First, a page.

Some moves, for example, the devastating and destructive powerbomb, for one reason or another, have been adopted and used in brutal fashion by uncountable amounts of athletes in the squared circle.
Other moves in pro-wrestling however, come to be so entwined with a single wrestlers career, that for the longest time, it’s all anyone could ever think of when the move was brought up in conversation.
As wrestling evolves and the performers themselves in the world of sports entertainment continue to adapt and improve, we find ourselves in a climate where very few moves are protected and reserved for use by one person…
In the modern-day, the term “facebuster” is used loosely to describe a huge array of different moves within pro-wrestling. From the innovative Argentine Facebuster, the iconic Gory Bomb adapted by wrestling legend Gory Guerrero.
To the excitingly named belly-to-back wheelbarrow facebuster, which is as painful to receive as it is to say. You can see why it may be hard to trace the exact lineage of this much adapted move.
But, if we narrow our definition in the hunt of the origins of what we know today as the Pedigree in WWE, the move is known by it’s technical name the double underhook facebuster.
The double underhook part of the name refers to the specific way in which the aggressor folds their opponent in half with their elbows raised towards the sky, the attacking wrestlers then links their arms together around the extended arms of their opponent.
This means that as the wrestlers fall to the ground, the attackers full weight comes down on the opponents head with no means of defending themselves from the crushing and sudden stop of the mat, or as we’ve seen numerous times harder surfaces in and around the ring.
Online records discuss several wrestlers who used a version of the double underhook facebuster throughout wrestling’s past. From Colonel Debeers a wrestler most known for his matches in Pro Wrestling USA & the AWA was known to use a version of the move in the early 1980s.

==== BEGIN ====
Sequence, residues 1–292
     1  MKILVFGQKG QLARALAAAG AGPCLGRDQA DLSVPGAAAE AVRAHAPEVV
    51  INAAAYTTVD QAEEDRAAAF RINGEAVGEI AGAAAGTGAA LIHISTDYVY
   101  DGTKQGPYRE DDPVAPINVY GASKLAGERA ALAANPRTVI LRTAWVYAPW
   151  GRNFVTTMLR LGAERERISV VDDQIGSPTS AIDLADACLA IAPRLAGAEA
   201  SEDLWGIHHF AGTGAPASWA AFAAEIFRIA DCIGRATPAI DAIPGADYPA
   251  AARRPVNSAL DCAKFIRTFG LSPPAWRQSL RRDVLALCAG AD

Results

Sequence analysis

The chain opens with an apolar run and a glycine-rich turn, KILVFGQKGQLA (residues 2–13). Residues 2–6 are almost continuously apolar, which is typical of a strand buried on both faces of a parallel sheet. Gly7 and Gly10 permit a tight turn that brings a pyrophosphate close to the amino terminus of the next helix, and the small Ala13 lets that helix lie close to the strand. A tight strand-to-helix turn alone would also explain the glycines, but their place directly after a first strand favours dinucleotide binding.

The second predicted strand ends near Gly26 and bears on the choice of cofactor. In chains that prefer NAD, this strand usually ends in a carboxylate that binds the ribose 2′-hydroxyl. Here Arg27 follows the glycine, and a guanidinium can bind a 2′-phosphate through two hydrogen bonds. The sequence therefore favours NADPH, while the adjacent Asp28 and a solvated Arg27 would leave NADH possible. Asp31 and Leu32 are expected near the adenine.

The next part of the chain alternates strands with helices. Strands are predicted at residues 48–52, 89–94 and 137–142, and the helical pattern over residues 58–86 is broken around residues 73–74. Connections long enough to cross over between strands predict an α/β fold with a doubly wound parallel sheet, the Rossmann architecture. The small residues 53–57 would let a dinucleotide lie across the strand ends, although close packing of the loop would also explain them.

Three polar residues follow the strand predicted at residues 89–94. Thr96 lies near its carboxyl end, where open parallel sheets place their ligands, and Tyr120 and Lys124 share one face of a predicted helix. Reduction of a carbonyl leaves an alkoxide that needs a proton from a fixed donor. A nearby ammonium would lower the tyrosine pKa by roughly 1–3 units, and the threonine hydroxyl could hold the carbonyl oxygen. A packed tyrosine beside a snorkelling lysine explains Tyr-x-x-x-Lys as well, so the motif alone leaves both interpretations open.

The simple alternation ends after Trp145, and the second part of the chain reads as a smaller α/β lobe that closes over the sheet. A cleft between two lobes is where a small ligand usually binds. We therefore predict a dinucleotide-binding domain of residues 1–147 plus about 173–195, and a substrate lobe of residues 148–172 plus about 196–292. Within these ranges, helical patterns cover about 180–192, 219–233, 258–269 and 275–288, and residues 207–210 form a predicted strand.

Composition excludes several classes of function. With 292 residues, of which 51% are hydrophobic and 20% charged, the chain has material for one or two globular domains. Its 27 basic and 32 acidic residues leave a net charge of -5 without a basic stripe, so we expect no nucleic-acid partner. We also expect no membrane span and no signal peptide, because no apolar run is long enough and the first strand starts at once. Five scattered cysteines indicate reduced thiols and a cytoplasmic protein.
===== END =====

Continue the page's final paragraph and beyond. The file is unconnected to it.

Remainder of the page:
A wrestler by the name of Ron Bass used the facebuster variant, but he was not consistent with holding the arms behind the back, arguably Ron Bass’ version of the facebuster happened much more commonly without the double underhook being applied and although he had a ggreat run in WWF during the 80s it’s hard to say whether Bass invented the move. He made it look devastating though, crushing his foe’s faces deep into the mat.
And if you didn’t think all of that sounds painful enough, one of the biggest, heaviest men to ever lace up their wrestling boots, an absolute ham-hock - Andre the giant can be seen here pulverising his opponent with his version of the move. Imagine how much Andre’s penis would weigh coming down on you. That alone is surely worth the one, two, three.
The man who made the double underhook famous throughout all of wrestling. A man for whom the double underhook was renamed The Pedigree, Paul Levesque, better known as Triple H.
Now in 2020, you are more likely to find Paul Levesque sitting behind a bid desk at the WWE headquarters, or producing one of the world’s most exciting wrestling brands in NXT – don’t let that charming grin and well tailored suit fool you.
Starting out his career as a pro-wrestler in training, Lavesque absorbed as much knowledge as he could from his tutors and mentors.
"It's interesting, the Pedigree, for me started actually when I was training with Killer Kowalski. Kowalski used to do it a spot where he'd put a guy's head between his knees and he would jump up and just kind of jar their neck. It just dawned on me that if he kept going straight down to his knees, it was like a sort of a version of a piledriver. And as I looked at it, I thought, well, if you held the guy's arms, it would be very clearly a piledriver, so it started out as that in my mind, I've always thought that it was something very unique that I had never seen done before, it sort of slowly evolved in to me hooking the arms behind the guy's back and then jumping up and having them, you know, come down full body face first." - Triple H